Rainy day fund: how to save $1,000 and why it matters
In a perfect world, emergencies would never exist—but we all know that unplanned events or emergency needs can happen at any time. You don’t need to live in fear, but you do need to be prepared. That’s why we always recommend having some money set aside to use for life’s unexpected necessities. You hope you never need it, but it’s always better to have it. Read on for more info on how you can save up your rainy day fund and why it matters to you.
What is a rainy day fund?
A rainy day fund, or emergency fund, is exactly what it sounds like: money set aside for the express purpose of being used for an unexpected emergency. Please note that by emergency, we mean something related to medical needs, job loss, or something else necessary to life—not that your favorite store is having a once-in-a-lifetime sale. Be wise when spending your rainy day funds.
How much do I need?
Many experts recommend keeping at least $1,000 in your rainy day fund to start with. Ideally you would be able to keep half a year’s earnings in your emergency fund, but starting small will allow you to create a fund without blowing up your budget. Even an amount like $500 can go a long way in an unexpected situation.
There are multiple options for places you can store your rainy day fund—you may choose to keep it in a high-yield savings account or you may prefer to keep it stashed in your locked safe at home. The most important consideration is that the money needs to be easy to access during an emergency but not so easily accessed that you are tempted to use the funds for something else. For some people, that’s a regular checking account; for others, it may be a special account that your CPA helps you set up. Find the solution that fits your needs and plan accordingly.
Emergencies happen all the time—it may be an unexpected root canal that your insurance only partially covers, or you might find yourself laid off from your job without warning. We don’t want to scare you, but it is imperative to understand that, since emergencies are part of life, using this fund for a rainy day need is the whole point. While you don’t want to spend your funds unnecessarily, it’s also critical to remember that you may have to use it—and you’ll be glad it’s there if you do.
How do I save the money?
Setting aside $1,000 is an easy task for some and may take months of effort for others—only you know what your financial situation is. If it will take some planning to make it happen, we have a few ideas on ways you can build your savings until your fund is ready to go. Below are four tips to help you get started:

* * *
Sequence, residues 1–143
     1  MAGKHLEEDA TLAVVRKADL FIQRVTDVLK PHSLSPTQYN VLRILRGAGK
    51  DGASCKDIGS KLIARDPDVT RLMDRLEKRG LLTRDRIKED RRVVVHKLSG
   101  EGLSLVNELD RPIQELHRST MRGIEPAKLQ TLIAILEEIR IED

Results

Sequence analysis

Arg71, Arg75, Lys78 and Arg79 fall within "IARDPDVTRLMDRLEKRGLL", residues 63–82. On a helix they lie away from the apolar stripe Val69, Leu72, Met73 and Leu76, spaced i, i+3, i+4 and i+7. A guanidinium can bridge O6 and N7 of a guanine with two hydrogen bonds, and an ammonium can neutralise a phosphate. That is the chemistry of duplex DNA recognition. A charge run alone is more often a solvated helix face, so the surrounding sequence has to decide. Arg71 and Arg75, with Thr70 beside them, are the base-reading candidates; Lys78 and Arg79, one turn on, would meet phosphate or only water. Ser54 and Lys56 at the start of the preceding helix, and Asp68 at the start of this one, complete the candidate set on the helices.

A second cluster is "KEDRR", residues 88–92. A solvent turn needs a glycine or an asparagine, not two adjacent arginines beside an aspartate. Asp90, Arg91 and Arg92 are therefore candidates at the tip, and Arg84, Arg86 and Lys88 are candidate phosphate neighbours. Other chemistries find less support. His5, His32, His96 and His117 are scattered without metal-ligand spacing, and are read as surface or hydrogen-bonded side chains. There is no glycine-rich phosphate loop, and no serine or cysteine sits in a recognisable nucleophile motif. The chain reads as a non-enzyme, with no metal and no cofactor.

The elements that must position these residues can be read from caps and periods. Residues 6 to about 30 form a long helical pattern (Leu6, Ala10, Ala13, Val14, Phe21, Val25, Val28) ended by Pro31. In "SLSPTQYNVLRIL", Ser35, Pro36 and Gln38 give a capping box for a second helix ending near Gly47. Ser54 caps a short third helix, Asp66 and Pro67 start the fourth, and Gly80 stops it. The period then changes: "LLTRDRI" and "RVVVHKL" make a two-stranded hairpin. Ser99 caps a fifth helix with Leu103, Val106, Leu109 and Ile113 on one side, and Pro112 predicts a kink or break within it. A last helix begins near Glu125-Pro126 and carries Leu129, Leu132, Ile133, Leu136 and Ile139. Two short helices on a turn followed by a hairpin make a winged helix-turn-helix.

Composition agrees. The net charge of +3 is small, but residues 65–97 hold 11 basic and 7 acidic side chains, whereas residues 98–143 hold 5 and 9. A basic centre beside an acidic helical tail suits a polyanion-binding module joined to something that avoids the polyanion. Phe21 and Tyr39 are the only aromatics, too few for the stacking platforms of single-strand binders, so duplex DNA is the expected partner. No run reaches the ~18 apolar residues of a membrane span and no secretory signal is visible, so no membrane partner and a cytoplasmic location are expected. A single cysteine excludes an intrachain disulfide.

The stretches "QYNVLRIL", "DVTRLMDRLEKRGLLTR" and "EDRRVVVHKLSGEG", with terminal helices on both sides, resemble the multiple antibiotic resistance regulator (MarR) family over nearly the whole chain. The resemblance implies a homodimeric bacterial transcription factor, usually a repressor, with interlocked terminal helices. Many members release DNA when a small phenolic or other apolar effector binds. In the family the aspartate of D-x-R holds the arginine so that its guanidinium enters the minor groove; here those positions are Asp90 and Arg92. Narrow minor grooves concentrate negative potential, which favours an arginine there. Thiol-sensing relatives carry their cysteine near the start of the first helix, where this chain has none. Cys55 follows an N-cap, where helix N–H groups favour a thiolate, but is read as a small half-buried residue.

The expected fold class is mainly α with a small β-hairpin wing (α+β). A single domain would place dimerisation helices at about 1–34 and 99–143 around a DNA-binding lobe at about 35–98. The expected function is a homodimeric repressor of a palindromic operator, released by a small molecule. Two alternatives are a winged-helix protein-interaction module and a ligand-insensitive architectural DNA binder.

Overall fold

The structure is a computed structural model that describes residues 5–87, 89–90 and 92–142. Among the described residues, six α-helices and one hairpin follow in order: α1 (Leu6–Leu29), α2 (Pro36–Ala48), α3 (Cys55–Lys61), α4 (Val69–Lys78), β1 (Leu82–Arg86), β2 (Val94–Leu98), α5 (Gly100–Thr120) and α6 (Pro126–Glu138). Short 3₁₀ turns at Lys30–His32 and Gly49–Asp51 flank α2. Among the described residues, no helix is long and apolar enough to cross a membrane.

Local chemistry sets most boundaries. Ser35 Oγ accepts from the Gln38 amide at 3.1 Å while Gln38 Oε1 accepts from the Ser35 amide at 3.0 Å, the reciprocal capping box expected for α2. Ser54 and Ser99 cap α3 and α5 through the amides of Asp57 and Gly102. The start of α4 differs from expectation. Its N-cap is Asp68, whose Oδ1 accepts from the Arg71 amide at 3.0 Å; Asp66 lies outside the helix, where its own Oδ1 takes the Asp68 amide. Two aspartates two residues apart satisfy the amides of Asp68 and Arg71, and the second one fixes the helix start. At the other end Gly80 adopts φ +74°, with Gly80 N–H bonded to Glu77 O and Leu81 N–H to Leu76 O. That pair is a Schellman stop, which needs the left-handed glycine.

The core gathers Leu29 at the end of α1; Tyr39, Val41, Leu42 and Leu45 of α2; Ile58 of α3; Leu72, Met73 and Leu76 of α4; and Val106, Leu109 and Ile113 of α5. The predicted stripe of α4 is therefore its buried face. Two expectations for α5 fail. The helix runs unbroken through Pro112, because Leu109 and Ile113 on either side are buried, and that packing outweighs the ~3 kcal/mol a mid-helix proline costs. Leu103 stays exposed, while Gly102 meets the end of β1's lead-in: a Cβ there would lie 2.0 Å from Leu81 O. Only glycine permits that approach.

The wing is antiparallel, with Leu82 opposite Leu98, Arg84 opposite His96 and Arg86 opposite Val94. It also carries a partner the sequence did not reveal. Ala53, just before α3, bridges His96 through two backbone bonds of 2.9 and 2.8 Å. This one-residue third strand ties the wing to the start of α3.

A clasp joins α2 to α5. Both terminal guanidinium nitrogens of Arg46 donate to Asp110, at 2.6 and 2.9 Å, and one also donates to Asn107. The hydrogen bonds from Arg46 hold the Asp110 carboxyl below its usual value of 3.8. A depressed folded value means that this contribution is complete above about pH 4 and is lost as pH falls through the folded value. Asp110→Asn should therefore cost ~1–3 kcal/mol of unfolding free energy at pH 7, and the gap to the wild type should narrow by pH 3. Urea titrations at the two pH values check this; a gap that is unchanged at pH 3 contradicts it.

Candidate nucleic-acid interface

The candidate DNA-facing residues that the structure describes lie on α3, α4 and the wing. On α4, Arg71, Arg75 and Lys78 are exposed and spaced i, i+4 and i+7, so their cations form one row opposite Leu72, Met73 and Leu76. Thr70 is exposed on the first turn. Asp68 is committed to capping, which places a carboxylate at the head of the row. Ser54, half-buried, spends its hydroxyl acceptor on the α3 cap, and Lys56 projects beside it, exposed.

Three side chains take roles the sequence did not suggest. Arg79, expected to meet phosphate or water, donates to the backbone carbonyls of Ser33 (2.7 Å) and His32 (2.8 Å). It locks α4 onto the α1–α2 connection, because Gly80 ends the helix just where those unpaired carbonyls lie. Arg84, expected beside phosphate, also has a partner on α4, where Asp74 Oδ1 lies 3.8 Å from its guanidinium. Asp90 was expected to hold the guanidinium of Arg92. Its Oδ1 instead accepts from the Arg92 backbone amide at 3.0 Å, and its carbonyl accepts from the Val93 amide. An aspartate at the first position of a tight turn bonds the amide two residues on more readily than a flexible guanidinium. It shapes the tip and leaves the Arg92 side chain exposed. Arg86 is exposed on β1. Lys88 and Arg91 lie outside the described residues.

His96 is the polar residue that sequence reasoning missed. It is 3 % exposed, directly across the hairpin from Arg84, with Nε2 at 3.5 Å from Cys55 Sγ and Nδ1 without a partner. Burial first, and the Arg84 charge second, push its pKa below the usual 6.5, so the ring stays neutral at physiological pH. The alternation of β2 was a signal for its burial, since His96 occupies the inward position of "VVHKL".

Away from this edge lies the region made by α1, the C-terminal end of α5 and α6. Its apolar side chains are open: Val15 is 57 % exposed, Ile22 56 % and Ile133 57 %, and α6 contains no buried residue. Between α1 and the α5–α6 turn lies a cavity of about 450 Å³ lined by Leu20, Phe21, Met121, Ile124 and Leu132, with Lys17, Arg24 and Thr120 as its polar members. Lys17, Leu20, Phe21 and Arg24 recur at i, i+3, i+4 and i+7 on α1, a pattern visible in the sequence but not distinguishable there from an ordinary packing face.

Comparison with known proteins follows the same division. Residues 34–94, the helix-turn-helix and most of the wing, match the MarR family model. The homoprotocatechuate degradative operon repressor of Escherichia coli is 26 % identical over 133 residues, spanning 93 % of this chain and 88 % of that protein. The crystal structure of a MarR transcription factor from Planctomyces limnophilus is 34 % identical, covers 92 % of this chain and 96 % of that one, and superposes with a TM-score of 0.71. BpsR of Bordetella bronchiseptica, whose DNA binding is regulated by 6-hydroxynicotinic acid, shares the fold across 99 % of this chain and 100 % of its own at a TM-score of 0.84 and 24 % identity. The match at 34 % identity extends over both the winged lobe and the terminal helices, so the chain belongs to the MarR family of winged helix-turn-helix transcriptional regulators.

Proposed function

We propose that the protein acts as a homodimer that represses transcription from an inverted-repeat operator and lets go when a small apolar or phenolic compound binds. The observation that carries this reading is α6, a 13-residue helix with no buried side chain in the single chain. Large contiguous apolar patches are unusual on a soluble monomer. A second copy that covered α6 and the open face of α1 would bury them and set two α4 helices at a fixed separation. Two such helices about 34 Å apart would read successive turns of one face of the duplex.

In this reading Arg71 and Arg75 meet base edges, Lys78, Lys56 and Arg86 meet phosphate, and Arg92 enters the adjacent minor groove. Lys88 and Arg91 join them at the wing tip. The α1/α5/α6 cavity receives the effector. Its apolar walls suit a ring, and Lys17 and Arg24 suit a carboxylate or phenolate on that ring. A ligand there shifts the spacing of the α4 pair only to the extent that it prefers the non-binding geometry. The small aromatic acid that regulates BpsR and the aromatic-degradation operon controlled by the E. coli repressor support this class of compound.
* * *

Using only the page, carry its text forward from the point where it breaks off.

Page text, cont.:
1. Use an app to start saving
There are lots of apps designed to help you set aside a little bit of money at a time, so put them to work for you and start investigating your options. You can determine the amount you want to set aside every month so you don’t sacrifice your budget for your emergency fund.
2. Make a monthly goal
If apps aren’t your style, you can still apply the same concept to saving money on your own. Use a large soda bottle or even a piggy bank to set aside your extra change and money on a regular basis—those small deposits will add up quickly and give you the opportunity to set aside a little money at a time.
3. Review your budget
Sometimes, saving up for your emergency fund is as simple as reviewing your budget. Look for places in your finances that can be trimmed down or eliminated and reroute that money to your emergency fund. It might not even be a permanent change—once your rainy day money is all set up, you can resume your previous budget spending.
4. Consider some credit
We never recommend that you ignore your budget when using your credit card(s). But it might be wise to consider opening a card that is to be used only for serious emergencies. This would allow you to cover your expenses even if you haven’t had time to prep your emergency fund.
We all hope that our rainy day funds never get used—but we also need to be prepared if they should be needed. Work with a financial planner to determine how much you can set aside each month and watch as your emergency fund grows to cover the expenses of keeping you and your family safe and well.